Written by Jeff Russell, Author of Secrets to a Successful Practice & Executive Director of the IAPAM
So you’ve hired the perfect team, now you can rest—right? Unfortunately not! For most people, when they start a new role, they are very excited and want to do their best. However, if you don’t keep encouraging your team, they will certainly disintegrate into a dysfunctional team and you will need author, Patrick Lencioni’s book, 5 Dysfunctions of a Team and the accompanying workbook to get out of that hole!
Why is your workplace culture important? Why is maintaining a great team important? Well, according to the U.S. Bureau of Labor and Statistics,  those who are between 25-34 years have an average job tenure of only 2.8 years. If you want to hire for the long-term, you want to take note of why people leave. The goal is to create an engaging practice, where team members enjoy working and want to come to work every day.
The Importance of Communicating Your Practice’s Goals to Team Members
To create an engaging practice, your team members must know the following:
- Why you exist—and get excited about it
- Clearly know what is expected of them
- Receive recognition and appreciation
This all begins with a new hire onboarding process, as well as an established routine of practice team member communication. For team member communication, you will follow a process of having a combination of a daily five-minute meeting, weekly or bi-weekly meetings, and monthly one-on-one meetings with each team member.
The key to a successful practice is directly tied to your ability to communicate with your team to maintain your workplace culture. If your team doesn’t hear from you daily or weekly, they will assume the worst and create their own communication between themselves. Think about it, it’s human nature to want to do a good job, and if no one tells them they are doing a good job, they may assume they are not and make adjustments that may be very bad for you, your practice and your patients.
Five Conditions for Superior Employee Performance
According to Jim Collins and Bill Lazier, in their book, Beyond Entrepreneurship, they identified five conditions where people tend to execute well:
- People execute well if they’re clear on what they need to do.
- People execute well if they have the right skills for the job.
- People execute well if they’re given freedom and support.
- People execute well if they’re appreciated for their efforts.
- People execute well if they see the importance of their work.
The goal is to hit every one of those human needs, so your team members feel valued and part of a cohesive team.
You have limited time, so where should you focus your efforts to ensure you have the best team possible? In the book, First, Break All The Rules, the authors suggest that great managers focus on answering the following six questions your team members will all have:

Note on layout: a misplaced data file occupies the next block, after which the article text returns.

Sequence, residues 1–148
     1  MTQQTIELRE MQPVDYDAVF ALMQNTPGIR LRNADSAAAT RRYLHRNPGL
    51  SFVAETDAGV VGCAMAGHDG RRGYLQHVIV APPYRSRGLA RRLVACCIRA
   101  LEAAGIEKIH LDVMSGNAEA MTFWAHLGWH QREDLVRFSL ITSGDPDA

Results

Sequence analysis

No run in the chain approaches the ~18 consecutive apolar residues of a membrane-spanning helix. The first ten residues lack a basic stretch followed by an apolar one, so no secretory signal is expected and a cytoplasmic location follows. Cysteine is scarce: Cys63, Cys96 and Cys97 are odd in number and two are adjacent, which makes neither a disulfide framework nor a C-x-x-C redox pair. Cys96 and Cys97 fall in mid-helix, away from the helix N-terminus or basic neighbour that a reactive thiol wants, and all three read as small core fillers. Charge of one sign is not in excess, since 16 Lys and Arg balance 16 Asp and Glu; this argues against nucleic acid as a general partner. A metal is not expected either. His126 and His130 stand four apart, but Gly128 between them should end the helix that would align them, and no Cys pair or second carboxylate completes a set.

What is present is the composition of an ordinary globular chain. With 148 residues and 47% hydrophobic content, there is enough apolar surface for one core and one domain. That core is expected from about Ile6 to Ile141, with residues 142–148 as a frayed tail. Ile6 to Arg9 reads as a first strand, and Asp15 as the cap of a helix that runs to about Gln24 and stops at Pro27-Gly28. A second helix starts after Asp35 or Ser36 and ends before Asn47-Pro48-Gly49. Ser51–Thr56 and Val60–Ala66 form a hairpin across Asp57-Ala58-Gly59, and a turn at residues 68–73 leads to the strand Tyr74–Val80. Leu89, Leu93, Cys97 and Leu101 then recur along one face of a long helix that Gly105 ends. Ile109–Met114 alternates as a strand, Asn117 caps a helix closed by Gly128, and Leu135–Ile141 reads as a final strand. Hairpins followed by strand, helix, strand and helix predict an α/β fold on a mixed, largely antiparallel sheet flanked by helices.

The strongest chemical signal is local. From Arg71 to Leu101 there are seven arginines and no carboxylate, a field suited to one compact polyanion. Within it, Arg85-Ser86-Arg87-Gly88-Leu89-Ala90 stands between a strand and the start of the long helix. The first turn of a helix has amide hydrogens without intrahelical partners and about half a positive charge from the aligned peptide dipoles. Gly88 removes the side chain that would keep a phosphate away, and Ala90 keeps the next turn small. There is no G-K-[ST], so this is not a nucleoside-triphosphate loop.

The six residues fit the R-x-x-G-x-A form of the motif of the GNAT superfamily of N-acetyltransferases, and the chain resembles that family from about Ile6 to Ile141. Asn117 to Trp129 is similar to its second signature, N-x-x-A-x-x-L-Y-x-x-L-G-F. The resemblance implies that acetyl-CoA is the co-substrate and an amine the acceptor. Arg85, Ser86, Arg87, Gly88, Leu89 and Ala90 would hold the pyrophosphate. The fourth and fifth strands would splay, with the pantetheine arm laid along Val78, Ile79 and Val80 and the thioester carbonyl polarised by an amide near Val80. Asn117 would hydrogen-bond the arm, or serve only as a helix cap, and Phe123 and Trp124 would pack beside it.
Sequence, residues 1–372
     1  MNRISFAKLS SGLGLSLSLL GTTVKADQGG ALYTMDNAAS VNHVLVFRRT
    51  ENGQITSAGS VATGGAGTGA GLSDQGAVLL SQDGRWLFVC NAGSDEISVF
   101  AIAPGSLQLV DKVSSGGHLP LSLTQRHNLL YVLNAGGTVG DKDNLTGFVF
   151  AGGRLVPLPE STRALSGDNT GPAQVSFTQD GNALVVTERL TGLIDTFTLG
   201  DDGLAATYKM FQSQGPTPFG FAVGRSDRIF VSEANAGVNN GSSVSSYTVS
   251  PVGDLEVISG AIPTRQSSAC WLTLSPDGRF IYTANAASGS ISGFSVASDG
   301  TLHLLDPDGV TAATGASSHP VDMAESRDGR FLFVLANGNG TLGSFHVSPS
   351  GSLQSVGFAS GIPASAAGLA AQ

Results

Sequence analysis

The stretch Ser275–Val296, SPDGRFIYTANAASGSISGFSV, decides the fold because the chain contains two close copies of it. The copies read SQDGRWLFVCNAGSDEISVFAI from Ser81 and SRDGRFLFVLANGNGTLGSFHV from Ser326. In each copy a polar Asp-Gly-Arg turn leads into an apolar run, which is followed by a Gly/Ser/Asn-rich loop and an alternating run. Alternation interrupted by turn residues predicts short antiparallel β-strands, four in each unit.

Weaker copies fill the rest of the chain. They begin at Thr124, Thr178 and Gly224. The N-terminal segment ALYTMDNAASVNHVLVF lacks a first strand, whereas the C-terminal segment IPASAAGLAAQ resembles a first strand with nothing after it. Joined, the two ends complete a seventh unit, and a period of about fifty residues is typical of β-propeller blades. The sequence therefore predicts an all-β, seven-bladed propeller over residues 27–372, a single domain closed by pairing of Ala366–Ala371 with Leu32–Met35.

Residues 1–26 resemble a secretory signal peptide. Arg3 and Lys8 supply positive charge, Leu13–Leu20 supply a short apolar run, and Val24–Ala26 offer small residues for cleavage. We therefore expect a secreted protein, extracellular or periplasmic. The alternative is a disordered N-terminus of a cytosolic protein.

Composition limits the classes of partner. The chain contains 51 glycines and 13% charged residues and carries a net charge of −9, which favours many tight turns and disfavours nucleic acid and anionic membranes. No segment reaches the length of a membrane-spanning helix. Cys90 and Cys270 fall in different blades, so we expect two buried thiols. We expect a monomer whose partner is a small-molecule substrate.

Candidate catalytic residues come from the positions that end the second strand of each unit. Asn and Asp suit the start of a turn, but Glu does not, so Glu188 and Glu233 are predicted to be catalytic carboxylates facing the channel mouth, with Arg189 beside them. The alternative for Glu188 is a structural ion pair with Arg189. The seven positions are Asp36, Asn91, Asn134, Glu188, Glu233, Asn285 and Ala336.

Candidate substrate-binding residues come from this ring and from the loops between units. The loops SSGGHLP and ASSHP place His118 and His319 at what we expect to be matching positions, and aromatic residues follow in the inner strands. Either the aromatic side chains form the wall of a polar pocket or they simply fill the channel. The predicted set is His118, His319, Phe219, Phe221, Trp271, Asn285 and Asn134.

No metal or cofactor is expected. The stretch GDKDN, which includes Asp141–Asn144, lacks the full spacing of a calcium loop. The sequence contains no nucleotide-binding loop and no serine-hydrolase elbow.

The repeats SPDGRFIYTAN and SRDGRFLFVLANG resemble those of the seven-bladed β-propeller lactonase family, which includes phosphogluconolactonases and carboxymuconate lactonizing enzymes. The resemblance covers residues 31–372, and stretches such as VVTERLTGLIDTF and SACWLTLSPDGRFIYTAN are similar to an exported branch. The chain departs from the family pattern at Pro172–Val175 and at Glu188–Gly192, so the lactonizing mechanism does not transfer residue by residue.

- Do I know what is expected of me at work?
- Do I have the materials and equipment I need to do my work right?
- At work, do I have the opportunity to do what I do best every day?
- In the last seven days, have I received recognition or praise for doing good work?
- Does my supervisor, or someone at work, seem to care about me as a person?
- Is there someone at work who encourages my development?
Have a Recognition and Appreciation Plan
In workplace culture, a common quote in why people leave an organization is that they “don’t leave the company, they leave their manager.” A major reason they leave their manager is because of a lack of appreciation and recognition.
Not everyone is perfect, and there will be times where you will need to coach your team out of bad habits, so not every interaction is going to be positive. However, you want to make an effort so that most of your interactions with them are positive. The Gottman Institute has a “Magic Ratio” that says the happiest marriages have a 5:1 ratio of positive to negative interactions, meaning that for every negative interaction during conflict, a stable and happy marriage has five (or more) positive interactions. For a leader, you should have at least a 3:1 positive to negative interaction’s ratio with your team members.
During your on-boarding phase, you want to learn how they like to receive praise. Some people are fine to have it in public; others strongly prefer private communication. Coaching and development conversations should always be done in private.
Before praising in front of the entire team, also recognize all the team members if they were involved. You want everyone who contributed to be recognized; otherwise, you may find your team members won’t want to help each other out if they feel their contributions are not being recognized.
You may not be used to giving praise all the time, so if this is you, consciously think about recognizing and showing appreciation every time you see your team members doing something right. You want to encourage those positive behaviors, so it becomes ingrained in your workplace culture. You can also try creating some electronic calendar reminders of showing appreciation verbally daily, sending out a written card once a month and on everyone’s birthday.
If you are ready to grow your practice or are preparing to start your first practice, check out the IAPAM’s Practice Startup Workshop.